One of the more persistent reader questions is “What will/can happen now?”. I am pretty convinced that this question is what occupies most people on the inside of IMO, Allmannavarnir and NordVulk as well. The words of several eminent vulcanologists, that this episode is unprecedented, indicate that this may indeed be so. But in order to be able to answer that question, one must have a working model for how the MAR propagates in the area concerned.
I am not laying any claims to having solved it, stone tablet fashion, far from it. I only present a theory that does explain some of it, full well knowing that it could be – and will eventually be – proven wrong.
The key to how the rifting occurs is in my opinion the angle at which the North American and Eurasian plates diverge. If we divide the MAR as it runs through Iceland into zones of commonality we can identify just such areas.
Beginning where the MAR comes ashore at Reykjanes, the angle of divergence is very small. Four our purposes, let’s call it a 15-degree angle. In the Holocene (last 10,000 years or so), there have been several largish flood basalt eruptions, but the volcanoes of the area and the associated volcanic eruptions are generally speaking relatively small with one exception, the giant shield volcano of Hengill that marks the end of this area of commonality.
The MAR then runs North-eastwards and is labelled the WVZ, the West Volcanic Zone. The angle of divergence from Hengill to the volcanoes of Langjökull is 45 degrees. Just beyond Langjökull, the MAR then makes a 45-degree turn to run perpendicular to the base divergence or 90 degrees where it runs through the volcanic Hofsjökull area before rejoining the main rift at about the location of Tugnafellsjökull just west of Bardarbunga. Let me state immediately that I am not to keen on the WVZ really being the MAR. It is too long a junction, about 200 km as compared to the shortest route which is a mere 30 km.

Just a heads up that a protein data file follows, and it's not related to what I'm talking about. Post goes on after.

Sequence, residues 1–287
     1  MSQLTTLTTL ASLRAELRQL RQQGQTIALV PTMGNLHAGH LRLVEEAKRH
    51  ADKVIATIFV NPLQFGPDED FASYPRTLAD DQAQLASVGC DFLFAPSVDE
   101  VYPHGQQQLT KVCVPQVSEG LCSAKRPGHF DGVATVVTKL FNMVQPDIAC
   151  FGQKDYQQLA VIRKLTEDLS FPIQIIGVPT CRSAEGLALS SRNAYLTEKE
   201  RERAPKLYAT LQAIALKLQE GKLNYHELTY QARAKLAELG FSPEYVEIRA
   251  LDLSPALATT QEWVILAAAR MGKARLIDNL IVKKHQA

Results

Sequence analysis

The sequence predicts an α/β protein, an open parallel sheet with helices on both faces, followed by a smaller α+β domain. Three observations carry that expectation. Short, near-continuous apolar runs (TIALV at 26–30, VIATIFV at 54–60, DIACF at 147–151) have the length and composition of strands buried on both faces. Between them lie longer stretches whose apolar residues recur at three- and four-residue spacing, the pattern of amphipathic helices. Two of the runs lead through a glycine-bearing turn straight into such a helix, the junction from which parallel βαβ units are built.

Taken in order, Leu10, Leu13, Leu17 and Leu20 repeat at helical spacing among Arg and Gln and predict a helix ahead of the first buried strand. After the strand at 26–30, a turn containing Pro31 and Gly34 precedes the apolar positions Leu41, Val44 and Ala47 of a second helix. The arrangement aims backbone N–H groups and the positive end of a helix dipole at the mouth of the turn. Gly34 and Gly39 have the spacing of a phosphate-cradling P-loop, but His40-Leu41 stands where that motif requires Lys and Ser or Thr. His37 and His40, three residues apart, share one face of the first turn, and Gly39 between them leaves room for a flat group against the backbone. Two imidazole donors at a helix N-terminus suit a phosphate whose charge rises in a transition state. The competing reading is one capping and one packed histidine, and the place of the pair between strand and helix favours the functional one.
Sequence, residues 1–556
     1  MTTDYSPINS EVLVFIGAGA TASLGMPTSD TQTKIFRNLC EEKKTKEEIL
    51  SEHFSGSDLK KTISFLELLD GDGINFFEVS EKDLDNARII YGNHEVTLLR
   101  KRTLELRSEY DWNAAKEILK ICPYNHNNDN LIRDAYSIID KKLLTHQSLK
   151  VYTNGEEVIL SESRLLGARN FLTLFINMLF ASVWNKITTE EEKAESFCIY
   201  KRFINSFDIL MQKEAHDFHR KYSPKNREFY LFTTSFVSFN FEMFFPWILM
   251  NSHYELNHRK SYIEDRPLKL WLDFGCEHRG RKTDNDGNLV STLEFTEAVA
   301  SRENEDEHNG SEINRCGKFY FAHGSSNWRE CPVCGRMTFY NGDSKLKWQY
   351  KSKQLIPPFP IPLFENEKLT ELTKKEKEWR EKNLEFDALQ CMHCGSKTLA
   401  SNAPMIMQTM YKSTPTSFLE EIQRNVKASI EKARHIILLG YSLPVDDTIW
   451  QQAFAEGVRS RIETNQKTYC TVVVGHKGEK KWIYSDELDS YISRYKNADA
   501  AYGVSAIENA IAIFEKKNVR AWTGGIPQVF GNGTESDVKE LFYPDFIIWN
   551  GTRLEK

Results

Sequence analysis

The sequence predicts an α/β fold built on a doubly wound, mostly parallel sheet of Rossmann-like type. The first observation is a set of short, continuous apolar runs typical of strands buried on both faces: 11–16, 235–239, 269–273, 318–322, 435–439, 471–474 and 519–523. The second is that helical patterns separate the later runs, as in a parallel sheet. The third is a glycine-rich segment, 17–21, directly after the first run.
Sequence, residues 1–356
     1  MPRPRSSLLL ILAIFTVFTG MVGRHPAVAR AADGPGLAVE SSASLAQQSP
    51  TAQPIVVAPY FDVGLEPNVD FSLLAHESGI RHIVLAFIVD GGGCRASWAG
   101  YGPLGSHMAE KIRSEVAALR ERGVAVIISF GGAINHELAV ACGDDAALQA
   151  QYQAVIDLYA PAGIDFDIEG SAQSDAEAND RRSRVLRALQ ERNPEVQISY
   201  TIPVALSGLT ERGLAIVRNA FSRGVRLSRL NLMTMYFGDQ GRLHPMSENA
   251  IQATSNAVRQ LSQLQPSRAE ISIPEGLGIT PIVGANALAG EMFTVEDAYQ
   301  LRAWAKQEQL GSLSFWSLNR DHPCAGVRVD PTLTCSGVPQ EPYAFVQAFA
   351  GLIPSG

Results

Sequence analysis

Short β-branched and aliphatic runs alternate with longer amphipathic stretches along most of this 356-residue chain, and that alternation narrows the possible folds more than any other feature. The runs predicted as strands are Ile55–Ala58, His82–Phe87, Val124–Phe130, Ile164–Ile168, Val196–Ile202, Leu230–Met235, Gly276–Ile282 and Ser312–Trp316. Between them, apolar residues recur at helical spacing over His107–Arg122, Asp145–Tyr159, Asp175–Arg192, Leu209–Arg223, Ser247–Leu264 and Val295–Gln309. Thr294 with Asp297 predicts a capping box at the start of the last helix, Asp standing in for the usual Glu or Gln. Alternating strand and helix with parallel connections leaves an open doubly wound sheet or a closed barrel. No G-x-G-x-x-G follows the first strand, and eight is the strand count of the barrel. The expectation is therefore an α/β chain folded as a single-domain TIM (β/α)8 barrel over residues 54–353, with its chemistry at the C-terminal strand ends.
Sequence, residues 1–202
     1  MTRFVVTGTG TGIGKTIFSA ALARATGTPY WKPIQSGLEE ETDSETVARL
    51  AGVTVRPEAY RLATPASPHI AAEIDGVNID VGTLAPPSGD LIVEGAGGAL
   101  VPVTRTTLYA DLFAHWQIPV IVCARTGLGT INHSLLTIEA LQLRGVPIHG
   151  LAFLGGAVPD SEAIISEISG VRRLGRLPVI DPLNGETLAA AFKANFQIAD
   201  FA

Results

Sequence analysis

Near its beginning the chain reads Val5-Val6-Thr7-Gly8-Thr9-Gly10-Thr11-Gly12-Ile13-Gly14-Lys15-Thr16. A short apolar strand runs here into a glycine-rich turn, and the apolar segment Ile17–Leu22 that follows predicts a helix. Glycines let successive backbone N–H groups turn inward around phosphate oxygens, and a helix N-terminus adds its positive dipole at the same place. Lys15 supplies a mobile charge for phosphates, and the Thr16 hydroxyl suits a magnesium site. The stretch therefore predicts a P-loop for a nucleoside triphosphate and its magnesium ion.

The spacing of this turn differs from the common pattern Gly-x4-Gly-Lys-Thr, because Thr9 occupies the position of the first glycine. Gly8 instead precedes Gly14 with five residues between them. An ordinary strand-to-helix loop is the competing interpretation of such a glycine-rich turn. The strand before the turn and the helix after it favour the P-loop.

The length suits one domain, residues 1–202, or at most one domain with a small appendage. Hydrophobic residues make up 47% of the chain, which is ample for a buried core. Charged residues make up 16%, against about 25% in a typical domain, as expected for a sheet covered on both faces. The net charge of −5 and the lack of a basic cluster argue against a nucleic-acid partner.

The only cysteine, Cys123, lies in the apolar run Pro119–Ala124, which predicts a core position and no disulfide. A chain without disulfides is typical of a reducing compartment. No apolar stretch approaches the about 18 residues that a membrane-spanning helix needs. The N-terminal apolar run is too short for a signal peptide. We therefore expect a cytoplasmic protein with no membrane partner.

Disregarding a few small volcanoes immediately east of Hengill is the SISZ, South Iceland Seismic Zone. At an angle of divergence of 0 degress we have the ideal conditions for the formation of a slip-slip graben, a zone of bedrock gravel, and this is precisely what we find. This zone ends about 10-15 km east of Hekla where the MAR takes off at a, call it, 30 degree angle. Hekla defies categorisation. It is a rift volcano with its own system of magmatic reservoirs that has fissure eruptions as well as plinian initial eruptions. But it is not just a rift volcano, it also is a stratovolcano and a shield volcano. The key to understanding Hekla lies in understanding its geological context and there may be no more than four people on the planet who do.
From Hekla there is a 30 km gap to Torfájökull and an additional 30 km to Katla. These two volcanoes, Torfájökull and Katla, mark the Western end of an area sometimes called The Dead Zone on account of its lack of seismic activity. In this area the rift runs at a 45 degree angle North-eastwards until it comes to Vatnajökull. Here is a combination of divergence and slip-slip which results in the gaps opening when the MAR adjusts are generally 40% greater than elsewhere. This area has hosted three major rifting event over the past 1,000 years or so – Eldgja in 940AD, Veidivötn 1477 – 80 and the Skaftár Fires of 1783-4. A quick look at satellite imagery such as Google Earth readily identifies this.